Iraq: “This Democracy Thing Might Work”!

It sure has been getting low-key coverage in the MSM, but it appears the election in Iraq went off very well and is producing some surprising and, frankly, good results.

14,400 candidates stood for office. Unlike 2005, when 200 candidates were killed prior to the election, this time 8 were lost. 14 of the 18 provinces were included (Kurdistan’s provinces are having separate elections) and while turnout was considered to be low (51%), Sunnis participated en mass for the first time. William Shawcross describes the results:

All the Islamic parties lost ground, especially that associated with the so-called “Shia firebrand”, Moqtada al-Sadr, whose share of the vote went down from 11% to 3%. The principal Sunni Islamic party, the Islamic Party of Iraq, was wiped out.

The only Islamic party to gain ground was the Dawa party of the Shia prime minister Nouri al-Maliki – and even that party dropped the word Islamic from its name. The power of Maliki, who has emerged a stronger leader than expected, is further enhanced by these elections. Now no Islamic parties will be able to control any provinces on their own. The election is thus a big defeat for Iran which had hoped that Shia religious parties would control the south and enable Iran to turn them into a mini Shia republic.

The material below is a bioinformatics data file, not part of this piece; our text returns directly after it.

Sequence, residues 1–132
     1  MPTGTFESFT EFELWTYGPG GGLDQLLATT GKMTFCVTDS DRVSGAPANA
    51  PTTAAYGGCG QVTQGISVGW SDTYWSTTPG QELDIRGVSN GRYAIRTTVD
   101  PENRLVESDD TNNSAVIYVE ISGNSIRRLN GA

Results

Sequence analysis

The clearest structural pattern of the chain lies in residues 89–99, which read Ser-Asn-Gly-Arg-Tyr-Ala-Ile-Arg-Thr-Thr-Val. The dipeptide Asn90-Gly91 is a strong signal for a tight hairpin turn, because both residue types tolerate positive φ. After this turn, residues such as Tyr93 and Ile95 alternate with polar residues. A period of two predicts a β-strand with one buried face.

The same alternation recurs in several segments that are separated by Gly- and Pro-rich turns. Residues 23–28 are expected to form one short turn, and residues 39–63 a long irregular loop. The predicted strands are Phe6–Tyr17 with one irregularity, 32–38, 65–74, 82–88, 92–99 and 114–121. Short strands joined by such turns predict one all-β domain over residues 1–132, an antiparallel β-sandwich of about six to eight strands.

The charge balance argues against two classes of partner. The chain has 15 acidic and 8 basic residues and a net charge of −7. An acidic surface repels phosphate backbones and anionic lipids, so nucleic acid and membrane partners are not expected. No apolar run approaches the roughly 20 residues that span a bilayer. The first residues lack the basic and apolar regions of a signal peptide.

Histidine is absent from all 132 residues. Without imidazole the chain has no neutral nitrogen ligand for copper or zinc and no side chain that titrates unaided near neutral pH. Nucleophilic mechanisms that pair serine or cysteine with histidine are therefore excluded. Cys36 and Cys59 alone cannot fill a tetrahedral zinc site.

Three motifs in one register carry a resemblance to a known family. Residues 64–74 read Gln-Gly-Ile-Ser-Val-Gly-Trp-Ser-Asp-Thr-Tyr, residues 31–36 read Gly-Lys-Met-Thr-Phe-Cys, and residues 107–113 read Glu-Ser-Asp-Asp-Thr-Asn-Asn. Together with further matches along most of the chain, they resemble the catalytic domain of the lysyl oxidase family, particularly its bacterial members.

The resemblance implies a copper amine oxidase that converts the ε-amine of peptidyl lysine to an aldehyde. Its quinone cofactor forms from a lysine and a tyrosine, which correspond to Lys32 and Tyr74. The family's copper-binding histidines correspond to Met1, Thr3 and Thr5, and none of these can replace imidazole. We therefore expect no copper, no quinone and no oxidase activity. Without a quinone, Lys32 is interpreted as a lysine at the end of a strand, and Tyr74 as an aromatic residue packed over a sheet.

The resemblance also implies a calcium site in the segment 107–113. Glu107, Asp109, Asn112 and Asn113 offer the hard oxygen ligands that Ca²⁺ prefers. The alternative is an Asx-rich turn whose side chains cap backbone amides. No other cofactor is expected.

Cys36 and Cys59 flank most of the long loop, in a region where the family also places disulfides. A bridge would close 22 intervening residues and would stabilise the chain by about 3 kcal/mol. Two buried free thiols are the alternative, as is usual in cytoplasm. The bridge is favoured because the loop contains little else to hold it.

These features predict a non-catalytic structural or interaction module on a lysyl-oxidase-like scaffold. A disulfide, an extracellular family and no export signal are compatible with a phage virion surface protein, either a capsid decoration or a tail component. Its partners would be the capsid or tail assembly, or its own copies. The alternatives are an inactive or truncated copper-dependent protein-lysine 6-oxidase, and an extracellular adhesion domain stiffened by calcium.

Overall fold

I know this has some of you gasping for breath out there. We were assured by none other than the great Juan Cole and his fellow travelers that Iran was in total control of the Iraqi governmental apparatus and would quickly turn into what Shawcross characterizes as a “mini-Shia republic”.

Yet it appears that the Iraqi public are rejecting the concept of a theocracy in favor of a more secular government. And that, of course is a de facto rejection of Iran.

Obviously Iraq still has a long way to go, but it is hard to deny the amount of progress that has been made. Except for the dead-enders who’ve vested so much into this being the “worst foreign policy disaster in US history”, it is looking pretty darn good in Iraq.

USMC Maj Gen John F. Kelly gives you an indication of the level of change that has taken place in previously violent Anbar province:

Something didn’t happen in Al Anbar Province, Iraq, today. Once the most violent and most dangerous places on earth, no suicide vest bomber detonated killing dozens of voters. No suicide truck bomber drove into a polling place collapsing the building and killing and injuring over 100. No Marine was in a firefight engaging an Al Qaida terrorist trying to disrupt democracy.

What did happen was Anbar Sunnis came out in their tens of thousands to vote in the first free election of their lives.

[…]

One of the things I’ve always said was that we came here to “give” them democracy. Even in the dark days my only consolation was that it was about freedom and democracy. After what I saw today, and having forgotten our own history and revolution, this was arrogance. People are not given freedom and democracy – they take it for themselves. The Anbaris deserve this credit.

Today I step down as the dictator, albeit benevolent, of Anbar Province. Today the Anbaris took it from me. I am ecstatic. It was a privilege to be part of it, to have somehow in a small way to have helped make it happen.

Shawcross asks:

There will be further setbacks. But who knows, Iraq may yet even become a model for democratic change in other Arab countries. If so, who deserves some credit? The much maligned President Bush. And Tony Blair.

Now that’s real hope and change.

[Crossposted at QandO]

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